A new report says young Canadians are set to inherit a mountain of government debt and the burden of increased annual interest payments.
Fraser Institute, an independent, non-partisan Canadian public policy think-tank, says the debt will have to be disproportionately paid for by younger Canadians as Canadians aged 16 to 35 are expected to collectively pay an additional $205.1 billion in personal income taxes over their lifetimes.
This works out to $19,880 per person for those aged 16 to 35 in personal income taxes over their lifetime.
By comparison, Canadians aged 65 and older will only pay an additional $1,524 in income taxes over their lifetimes.
In total, Canadian taxpayers are expected to bear an additional $332.5 billion in additional personal income taxes due to existing federal debt and what’s expected to be borrowed in the future.
Though this may not seem like a drastic increase in per year tax payment (lifetime tax divided by total years of remaining life expectancy), the lifetime tax burden for Canadians could easily increase exponentially should interest rates rise.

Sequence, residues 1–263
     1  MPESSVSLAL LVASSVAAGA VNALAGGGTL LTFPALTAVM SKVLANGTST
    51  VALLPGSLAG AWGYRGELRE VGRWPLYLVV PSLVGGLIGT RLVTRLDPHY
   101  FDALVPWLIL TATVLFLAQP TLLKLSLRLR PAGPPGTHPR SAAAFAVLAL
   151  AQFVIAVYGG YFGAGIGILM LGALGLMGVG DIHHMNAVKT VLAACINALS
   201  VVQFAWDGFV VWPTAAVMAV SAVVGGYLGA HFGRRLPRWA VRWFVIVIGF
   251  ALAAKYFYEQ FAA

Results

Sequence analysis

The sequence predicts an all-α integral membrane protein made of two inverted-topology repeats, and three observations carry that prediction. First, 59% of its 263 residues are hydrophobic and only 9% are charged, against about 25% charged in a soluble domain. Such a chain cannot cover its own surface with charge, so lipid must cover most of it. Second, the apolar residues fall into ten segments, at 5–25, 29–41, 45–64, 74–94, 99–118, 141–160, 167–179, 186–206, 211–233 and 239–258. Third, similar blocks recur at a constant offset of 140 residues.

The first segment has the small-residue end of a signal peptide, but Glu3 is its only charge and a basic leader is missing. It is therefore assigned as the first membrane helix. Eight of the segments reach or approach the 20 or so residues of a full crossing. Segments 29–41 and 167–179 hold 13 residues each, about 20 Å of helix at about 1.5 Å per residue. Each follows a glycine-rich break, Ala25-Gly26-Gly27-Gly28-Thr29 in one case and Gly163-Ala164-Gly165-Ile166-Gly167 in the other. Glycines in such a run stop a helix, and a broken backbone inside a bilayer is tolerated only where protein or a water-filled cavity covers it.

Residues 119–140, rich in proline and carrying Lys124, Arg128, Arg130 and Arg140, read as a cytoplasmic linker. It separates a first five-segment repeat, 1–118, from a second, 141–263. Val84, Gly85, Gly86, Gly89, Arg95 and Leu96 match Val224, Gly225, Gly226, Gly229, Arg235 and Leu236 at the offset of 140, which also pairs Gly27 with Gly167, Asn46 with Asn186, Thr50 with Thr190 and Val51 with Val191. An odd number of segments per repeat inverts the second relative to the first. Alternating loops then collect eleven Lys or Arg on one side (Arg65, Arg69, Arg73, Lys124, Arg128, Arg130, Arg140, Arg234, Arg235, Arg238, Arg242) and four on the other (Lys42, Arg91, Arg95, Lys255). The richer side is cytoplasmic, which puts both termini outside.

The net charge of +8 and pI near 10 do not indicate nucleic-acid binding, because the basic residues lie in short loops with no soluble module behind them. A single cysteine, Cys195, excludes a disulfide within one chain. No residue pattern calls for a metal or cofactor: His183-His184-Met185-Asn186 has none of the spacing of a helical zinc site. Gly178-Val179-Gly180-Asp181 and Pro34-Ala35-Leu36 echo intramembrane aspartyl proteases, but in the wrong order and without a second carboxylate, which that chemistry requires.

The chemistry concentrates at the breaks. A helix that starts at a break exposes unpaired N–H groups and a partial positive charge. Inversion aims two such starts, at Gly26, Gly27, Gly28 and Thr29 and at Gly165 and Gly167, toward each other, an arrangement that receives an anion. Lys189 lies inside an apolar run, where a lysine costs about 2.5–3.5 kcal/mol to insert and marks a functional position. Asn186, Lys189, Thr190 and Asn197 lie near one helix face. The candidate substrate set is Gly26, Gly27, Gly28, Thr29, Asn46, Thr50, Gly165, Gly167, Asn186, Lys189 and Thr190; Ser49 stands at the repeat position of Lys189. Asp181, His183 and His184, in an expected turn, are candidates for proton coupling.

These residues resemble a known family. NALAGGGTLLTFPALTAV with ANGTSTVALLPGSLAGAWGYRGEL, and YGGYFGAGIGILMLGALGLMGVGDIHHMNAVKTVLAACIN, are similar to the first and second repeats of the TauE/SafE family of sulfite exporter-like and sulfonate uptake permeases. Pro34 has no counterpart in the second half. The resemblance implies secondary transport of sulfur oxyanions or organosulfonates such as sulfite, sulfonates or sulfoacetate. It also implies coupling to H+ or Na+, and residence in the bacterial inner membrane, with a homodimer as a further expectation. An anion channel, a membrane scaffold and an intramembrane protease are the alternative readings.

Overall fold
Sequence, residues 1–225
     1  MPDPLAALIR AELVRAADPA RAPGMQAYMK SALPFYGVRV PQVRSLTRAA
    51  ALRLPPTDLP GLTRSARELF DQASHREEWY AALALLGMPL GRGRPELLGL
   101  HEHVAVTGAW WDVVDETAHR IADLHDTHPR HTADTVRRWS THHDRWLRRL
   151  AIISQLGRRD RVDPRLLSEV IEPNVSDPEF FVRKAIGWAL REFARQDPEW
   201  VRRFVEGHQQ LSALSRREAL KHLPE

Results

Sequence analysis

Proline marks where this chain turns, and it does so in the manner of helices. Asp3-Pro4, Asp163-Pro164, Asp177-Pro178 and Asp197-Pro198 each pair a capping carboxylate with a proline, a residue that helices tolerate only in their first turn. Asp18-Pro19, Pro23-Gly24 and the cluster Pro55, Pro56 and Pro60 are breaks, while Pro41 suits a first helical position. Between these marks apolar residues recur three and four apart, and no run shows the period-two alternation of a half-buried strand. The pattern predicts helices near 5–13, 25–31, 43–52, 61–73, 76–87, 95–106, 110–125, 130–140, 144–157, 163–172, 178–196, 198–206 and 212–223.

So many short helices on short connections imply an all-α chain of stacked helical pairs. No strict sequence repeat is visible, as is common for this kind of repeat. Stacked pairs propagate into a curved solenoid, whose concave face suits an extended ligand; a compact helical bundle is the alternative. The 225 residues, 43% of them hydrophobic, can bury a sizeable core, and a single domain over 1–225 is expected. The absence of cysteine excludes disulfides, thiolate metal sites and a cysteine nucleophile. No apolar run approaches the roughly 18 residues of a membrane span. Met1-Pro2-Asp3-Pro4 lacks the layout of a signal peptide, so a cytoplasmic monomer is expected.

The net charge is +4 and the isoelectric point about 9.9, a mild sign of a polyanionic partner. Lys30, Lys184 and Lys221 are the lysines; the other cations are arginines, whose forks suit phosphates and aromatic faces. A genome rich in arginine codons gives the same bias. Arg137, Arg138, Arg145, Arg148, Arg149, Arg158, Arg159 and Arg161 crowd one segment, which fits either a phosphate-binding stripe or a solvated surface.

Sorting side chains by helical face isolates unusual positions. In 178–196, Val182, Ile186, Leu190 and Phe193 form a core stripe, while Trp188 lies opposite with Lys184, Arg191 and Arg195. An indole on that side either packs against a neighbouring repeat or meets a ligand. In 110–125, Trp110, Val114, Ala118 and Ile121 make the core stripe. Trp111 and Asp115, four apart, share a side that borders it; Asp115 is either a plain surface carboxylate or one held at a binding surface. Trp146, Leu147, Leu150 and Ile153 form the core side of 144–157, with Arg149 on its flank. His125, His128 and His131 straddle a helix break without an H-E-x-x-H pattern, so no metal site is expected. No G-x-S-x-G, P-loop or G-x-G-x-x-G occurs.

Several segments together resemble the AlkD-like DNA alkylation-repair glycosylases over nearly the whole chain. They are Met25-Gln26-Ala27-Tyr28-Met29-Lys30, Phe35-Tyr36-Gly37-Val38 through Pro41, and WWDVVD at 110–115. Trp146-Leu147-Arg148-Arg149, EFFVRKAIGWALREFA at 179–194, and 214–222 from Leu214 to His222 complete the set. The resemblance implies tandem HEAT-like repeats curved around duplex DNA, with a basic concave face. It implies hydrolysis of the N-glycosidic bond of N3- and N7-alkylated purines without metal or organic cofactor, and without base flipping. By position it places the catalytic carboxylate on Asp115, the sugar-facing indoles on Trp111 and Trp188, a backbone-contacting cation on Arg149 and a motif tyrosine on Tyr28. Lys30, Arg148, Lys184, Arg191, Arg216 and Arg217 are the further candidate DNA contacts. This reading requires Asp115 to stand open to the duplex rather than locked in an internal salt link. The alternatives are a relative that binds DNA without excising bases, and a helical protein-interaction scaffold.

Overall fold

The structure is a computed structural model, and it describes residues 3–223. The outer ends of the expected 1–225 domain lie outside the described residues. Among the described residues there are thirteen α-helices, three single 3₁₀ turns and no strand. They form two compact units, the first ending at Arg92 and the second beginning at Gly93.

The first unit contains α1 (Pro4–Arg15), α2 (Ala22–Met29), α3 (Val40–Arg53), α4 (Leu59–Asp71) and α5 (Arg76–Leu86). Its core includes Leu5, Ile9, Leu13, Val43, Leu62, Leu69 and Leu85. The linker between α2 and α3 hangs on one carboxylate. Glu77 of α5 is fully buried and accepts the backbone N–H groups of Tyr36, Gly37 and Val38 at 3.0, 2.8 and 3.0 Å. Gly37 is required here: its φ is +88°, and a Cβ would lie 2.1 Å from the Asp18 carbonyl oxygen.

Fraser Institute says if the 10-year bond interest rate on the federal debt in 2025 rises from 2.7 to 4.0 per cent, the total lifetime tax burden for all Canadians due to the increase in federal debt rises from $332.5 billion to $887.0 billion. In such a case, a typical 16-year-old can expect to pay $64,882 in additional personal income taxes over their lifetime to pay for the increase in federal debt while the average tax burden for Canadians between the ages of 16 to 80 would increase substantially from $10,498 to $28,006.
You can read the detailed report here.